Riley begins the book by giving a lengthy history of depression treatments, mental health and psychotherapy (Freud, anyone?). I’m not sure if everyone will be as fascinated by this as me, but I’m a therapist so maybe not!

Riley talks about his own struggle with depression and the things that he has tried, but also goes into the myriad treatments that are out there for this disease. He talks about the differences between anti-depresssants (MAO inhibitors, SSRIs and tricyclics) and why some might work better for different people. He gives a history of ECT, which has gotten a bad name, but has been very effective historically for depression.

The most fascinating part of the book to me (and something that I really didn’t know, but should have!) is the connection between inflammation and depression. There is a clear connection between inflammation in the body and depression, so lowering your inflammation might help you more than anti-depressants will. Following a Mediterranean diet (which lowers inflammation) and not drinking alcohol (which raises inflammation) are places you can start. Also, intense exercise can raise inflammation, whereas moderate exercise 3 days a week might help.

Lastly, he talks about psychedelics and ketamine, and the new research about how it might be helpful. This is a really fascinating book and a must-read for anyone who wants to know more in general about depression.

Disclaimer: The Amazon link above is an affiliate link and I receive a small compensation for purchases made through this link. I received this book free from Net Galley for my review.

Review: How to Heal Yourself from Depression by Amy Scher

Amy Scher calls herself an “energy therapist”, although as far as I can tell this doesn’t come with any particular credentials. This book is a variation on Emotional Freedom Technique, or “tapping”, as it is sometimes called. Scher explains EFT and also adds several energy techniques that she has created specifically for working with depression.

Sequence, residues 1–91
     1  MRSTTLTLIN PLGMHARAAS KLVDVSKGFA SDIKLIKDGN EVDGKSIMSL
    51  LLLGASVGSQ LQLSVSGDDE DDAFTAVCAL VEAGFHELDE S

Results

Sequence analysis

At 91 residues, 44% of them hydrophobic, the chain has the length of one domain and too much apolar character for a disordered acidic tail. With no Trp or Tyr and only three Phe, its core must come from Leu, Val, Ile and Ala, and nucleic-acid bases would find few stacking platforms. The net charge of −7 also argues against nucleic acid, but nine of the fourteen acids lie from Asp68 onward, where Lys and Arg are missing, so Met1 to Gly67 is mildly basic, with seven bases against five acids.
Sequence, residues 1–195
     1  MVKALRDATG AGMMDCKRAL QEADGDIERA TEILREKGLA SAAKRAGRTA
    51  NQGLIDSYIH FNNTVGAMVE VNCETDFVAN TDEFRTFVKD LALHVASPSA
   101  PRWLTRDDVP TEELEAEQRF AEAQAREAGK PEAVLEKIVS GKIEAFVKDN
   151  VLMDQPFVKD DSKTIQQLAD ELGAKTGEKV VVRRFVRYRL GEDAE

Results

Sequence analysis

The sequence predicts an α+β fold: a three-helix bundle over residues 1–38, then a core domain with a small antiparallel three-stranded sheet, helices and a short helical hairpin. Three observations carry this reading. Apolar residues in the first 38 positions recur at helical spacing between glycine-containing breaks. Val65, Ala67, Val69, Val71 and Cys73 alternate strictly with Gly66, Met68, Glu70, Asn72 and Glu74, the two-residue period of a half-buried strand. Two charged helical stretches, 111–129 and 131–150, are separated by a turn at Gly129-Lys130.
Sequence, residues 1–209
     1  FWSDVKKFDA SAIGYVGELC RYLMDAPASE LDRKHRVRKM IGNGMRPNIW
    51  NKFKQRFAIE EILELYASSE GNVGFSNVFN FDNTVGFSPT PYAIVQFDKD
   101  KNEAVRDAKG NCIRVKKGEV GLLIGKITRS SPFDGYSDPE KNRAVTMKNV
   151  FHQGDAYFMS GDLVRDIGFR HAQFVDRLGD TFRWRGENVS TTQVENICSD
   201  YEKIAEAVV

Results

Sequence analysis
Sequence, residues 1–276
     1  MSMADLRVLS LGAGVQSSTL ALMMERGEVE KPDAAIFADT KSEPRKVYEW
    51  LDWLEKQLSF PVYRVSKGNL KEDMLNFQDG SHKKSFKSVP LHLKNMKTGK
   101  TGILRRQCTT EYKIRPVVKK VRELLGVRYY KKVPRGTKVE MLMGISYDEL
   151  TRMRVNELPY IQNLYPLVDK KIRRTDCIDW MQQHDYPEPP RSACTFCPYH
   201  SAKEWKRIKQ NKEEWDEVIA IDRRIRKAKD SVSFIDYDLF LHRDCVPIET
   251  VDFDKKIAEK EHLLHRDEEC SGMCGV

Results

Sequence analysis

First a couple of general observations. If you’ve read my reviews before, you know that I am not a super big fan of this new trend to drop f-bombs and other swear words in what should be a therapeutic book. Not that I am any kind of prude when it comes to language, but 1) it seems inappropriate for this genre of book and 2) it feels affected, like the author is trying too hard to be super cool. In my view, it may make the book inaccessible to certain audiences, and why would you want to do that? However, I get that this may be my own personal pet peeve. Also, I had to laugh at a certain point in this book when she said something was too “woo-woo” for her, because I’m thinking “I don’t know, lady, energy healing is about as “woo-woo” as it gets!” That said, she quotes some people I really admire like Candace Pert (author of “Molecules of Emotion”) and some of the available research on epi-genetics and so forth. And let’s face it, depression is such a pervasive problem that if you haven’t been able to find relief in traditional methods, why would you not try anything that might work?

The book is broken into parts, with Scher first explaining the different techniques, and then going on to apply them to all kinds of different situations. Besides the traditional EFT techniques, she gives us a daily practice, temple and thymus gland tapping, chakra tapping, and a script she calls “The Sweep”, intended to “sweep away” old beliefs and challenges. All of these techniques are explicitly explained in the book, and several can be found in videos on her website,

She goes into detail on our beliefs and how we acquire and retain them; our emotions and how they drive our unhelpful thoughts; trauma, both in our lives and “generationally”. For each of these she explains how to use the techniques and which should be used for what. Then in the “keeping the changes” part of the book, she talks about how to interpret your body’s signals, how to set good boundaries and say no, and some commitments you can make to yourself to keep yourself healthy going forward. So there is a lot of information in this book that is fairly “mainstream” as well as the instructions on energy healing.